could be progressively enhanced through a programme of incremental
upgrading, provides the optimum environment in which the first
of class ship can be delivered on time and to cost.
The PAAMS FSED/IP contract was placed on 11
August 1999. This includes the supply of the systems and associated
equipments and spares for the three nations' first of class ships.
Negotiations are currently taking place with industry for systems
for follow-on ships. Contracts are expected to be signed by France,
on behalf of the UK and Italy, in the summer of 2003.
For the warship, the Prime Contractor, BAE SYSTEMS
Electronics, was contracted on 20 December 2000 to undertake the
DFM phase. This contract has since been extended to include the
second batch of three Type 45s.
Milestones and Costs
The tables below show the high level milestones
and approved budget.
TYPE 45 DESTROYER
||Original Approval||Current Estimate Completed
|Expenditure (See Note 1)||£6,168 million (approval for six ships, including PAAMS)
|Start of warship Demonstration and First of Class Manufacture (DFM) phase (for first three ships) (see note 2)
||September 2000||Deember 2000. (Extended to include further three ships in February 2002)
|First-of-class ISD||November 2007 (availability for operational takings)
||November 2007 (availability for operational tasking).
|DFM completed (ISD of 6th ship)||August 2011. (December 2009 for third ship)
||December 2001 (December 2009 for third ship)
| ||Original Approval
||Current Estimate Completed|
|Delivery of 1st PAAMS(s) System is First of Class Type 45
||March 2006||March 2006
Note 1. Following Main Gate Approval in July 2000,
figures show: total approved level of expenditure for six ships
and prior approvals covering predominantly PAAMS FSED/IP, HORIZON
and T45 Assessment phase (Latest Approval); against the current
estimate of expenditure (Current Estimate). Expenditure is calculated
at out-turn prices.
Note 2. Warship assessment phase completed on placement
For a projected class of up to 12 ships, the total cost is
expected to be of the order of £8 billion, including £2.8
billion total acquisition costs for PAAMS (with figures calculated
on a resource basis, as in MPR 2002).
The first stage of a phased approach to support, now on contract,
aims to devise the optimum support solution for all Type 45 equipments.
The study will also define the means of managing in-service support,
coupled with Post Design Services. It is planned that a Contractor
Logistics Support (CLS) contract will be in place a year before
ISD, to provide experience in its operation during trials and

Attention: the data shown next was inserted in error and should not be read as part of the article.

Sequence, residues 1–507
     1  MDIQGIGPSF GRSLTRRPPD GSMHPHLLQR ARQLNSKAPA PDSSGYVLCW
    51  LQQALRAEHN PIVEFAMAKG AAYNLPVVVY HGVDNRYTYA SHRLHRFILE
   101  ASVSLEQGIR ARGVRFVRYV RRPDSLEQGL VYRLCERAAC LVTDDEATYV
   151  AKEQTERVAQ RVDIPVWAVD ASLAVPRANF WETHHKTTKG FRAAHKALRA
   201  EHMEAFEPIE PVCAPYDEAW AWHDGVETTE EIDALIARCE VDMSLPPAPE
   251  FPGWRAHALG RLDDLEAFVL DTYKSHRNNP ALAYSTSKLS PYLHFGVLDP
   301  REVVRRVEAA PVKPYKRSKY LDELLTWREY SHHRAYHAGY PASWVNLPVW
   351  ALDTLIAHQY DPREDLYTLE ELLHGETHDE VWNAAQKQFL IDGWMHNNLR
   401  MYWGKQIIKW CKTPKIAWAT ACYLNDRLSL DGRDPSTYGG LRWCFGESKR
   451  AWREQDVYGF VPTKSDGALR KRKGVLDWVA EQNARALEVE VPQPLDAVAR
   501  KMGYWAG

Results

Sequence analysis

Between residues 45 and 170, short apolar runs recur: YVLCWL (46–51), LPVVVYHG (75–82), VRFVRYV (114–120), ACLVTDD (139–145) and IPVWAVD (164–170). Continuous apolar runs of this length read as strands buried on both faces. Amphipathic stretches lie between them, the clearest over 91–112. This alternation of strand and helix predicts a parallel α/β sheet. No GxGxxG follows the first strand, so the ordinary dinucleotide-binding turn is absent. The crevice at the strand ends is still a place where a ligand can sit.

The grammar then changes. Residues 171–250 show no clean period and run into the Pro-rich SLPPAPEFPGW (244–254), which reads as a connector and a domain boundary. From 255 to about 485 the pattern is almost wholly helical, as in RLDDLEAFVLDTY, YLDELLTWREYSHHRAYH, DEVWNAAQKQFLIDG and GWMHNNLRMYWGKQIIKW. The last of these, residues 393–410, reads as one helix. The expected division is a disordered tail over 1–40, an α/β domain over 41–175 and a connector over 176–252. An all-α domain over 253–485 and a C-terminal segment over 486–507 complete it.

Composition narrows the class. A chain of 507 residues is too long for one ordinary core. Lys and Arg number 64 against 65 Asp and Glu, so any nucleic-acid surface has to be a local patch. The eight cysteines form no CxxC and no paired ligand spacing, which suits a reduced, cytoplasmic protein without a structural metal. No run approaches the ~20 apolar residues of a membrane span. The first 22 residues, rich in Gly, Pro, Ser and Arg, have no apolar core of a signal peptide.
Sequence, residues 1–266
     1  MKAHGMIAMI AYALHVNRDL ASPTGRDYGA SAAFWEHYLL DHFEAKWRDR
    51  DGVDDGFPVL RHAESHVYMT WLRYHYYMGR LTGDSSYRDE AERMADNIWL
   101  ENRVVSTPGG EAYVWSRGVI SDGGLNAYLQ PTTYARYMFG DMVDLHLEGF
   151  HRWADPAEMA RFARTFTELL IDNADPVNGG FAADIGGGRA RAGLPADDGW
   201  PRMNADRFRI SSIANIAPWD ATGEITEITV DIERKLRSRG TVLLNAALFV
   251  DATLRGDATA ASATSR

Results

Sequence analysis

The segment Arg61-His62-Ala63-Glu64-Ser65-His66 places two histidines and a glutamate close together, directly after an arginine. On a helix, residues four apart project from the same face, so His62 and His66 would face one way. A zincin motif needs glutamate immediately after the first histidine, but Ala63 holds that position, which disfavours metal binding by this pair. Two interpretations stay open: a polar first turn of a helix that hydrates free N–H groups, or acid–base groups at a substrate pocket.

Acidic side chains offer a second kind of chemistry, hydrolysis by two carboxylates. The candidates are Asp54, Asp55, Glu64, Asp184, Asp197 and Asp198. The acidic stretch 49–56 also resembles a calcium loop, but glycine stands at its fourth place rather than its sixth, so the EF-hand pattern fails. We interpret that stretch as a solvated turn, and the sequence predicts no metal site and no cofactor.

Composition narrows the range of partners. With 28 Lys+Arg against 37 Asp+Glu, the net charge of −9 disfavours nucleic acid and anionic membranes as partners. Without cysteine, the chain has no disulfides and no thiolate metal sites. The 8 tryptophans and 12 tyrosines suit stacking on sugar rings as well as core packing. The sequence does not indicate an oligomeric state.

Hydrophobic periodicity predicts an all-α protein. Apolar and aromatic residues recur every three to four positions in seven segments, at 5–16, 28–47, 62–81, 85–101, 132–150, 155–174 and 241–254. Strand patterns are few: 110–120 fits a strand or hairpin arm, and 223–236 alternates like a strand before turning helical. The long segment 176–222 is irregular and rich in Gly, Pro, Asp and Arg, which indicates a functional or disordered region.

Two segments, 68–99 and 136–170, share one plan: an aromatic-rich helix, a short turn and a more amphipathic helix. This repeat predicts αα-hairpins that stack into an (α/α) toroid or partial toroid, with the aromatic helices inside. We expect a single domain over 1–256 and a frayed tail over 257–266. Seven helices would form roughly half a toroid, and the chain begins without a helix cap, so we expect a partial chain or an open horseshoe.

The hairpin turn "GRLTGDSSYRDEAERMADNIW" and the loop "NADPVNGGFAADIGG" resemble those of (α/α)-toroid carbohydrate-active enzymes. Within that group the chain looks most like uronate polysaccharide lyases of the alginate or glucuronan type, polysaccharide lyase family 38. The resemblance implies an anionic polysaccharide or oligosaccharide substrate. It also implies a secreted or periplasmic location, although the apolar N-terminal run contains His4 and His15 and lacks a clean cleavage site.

validate the in service support solution for the In Service phase.
Front Line, Storage and Reserve
On average two or three ships would be undergoing maintenance
(including one or two in refit) leaving the rest of the class
available to the Commander-in-Chief Fleet for tasking.
Commonality of many of the PAAMS systems and sub-systems,
including in particular the Aster missile, will ensure a good
level of interoperability with both France and Italy. In the warship
context, the requirement for interoperability with Joint and Combined
Forces at system and sub system level is a high priority. Multi-link
capable, the ship will be able to share its operational picture
with allies, and control assets in theatre with NATO land, sea
and air forces that are similarly equipped, providing maximum
flexibility in force mix. As part of the class solution, Type
45 will be fitted with the US Co-operative Engagement Capability
which will greatly enhance the force situational awareness and
bring the full benefits of the Sampson radar to other suitably
equipped platforms in the task force. The Fully Integrated Communications
System will provide the infrastructure to support a wide range
of communications facilities, including Bowman, which will provide
a secure command and control net with UK land forces.
Disposal of Equipment Replaced
The sales potential of Type 42 warships is being examined
as part of the disposal process.
The Type 45 is planned to have an in-service life of 25 years.
The Type 45 has been designed with space and weight margins
that will allow for greater capability to be added in the future.
Its systems and sub-systems will be updated as appropriate throughout
the life of the platform to take account of developments in technology
and the operational environment. It is possible that the Future
Surface Combatant programme, currently in the early stages of
concept development, will draw on major elements of the Type 45.
The Strategic Defence Review identified a need for four additional
Roll-on Roll-off vessels, making a total of six, to support the
deployment of the Joint Rapid Reaction Forces (JRRF).
A PFI contract with AWSR Shipping Ltd was signed on 27 June
2002 for a service until December 2024. The last of the six ships
was delivered to AWSR this month (April). This has meant the full
sealift service under PFI arrangements being in place ahead of
the target date.
The requirement is for guaranteed, worldwide delivery of
JRRF early entry equipment, including containerised ammunition,
at sustained speeds of at least 18 knots. The vessels are of commercial
design. They are not provided with warlike features such as a
self-defence capability or military communications, although the
selection of appropriate commercially available equipment maximises
their operational use. Ship size is a balance between optimum
load carrying capacity and the need to operate into small ports
with draught restrictions and no specialist RORO facilities; manoeuvrability
is built into the design to assist with berthing in the absence
of tug support.
Trade-off between operational risk and value for money has
been tested in the competition and negotiations. Although MoD's
sealift requirement for JRRF operations might need the full six-ship
capability, its estimated routine transport needs would only support
a four ship service; two ships, which remain available to MoD
at short notice (20 and 30 days), can earn commercial revenue.
The long-term requirement is for a capability of six vessels
Strategic Defence Review
Operational analysis in the SDR subsumed earlier studies
of strategic lift to identify the number of RORO vessels, and
The RORO service can be used across a full range of missions
and military tasks that require deployment of UK forces into theatre
through a seaport of disembarkation. It is not the intention to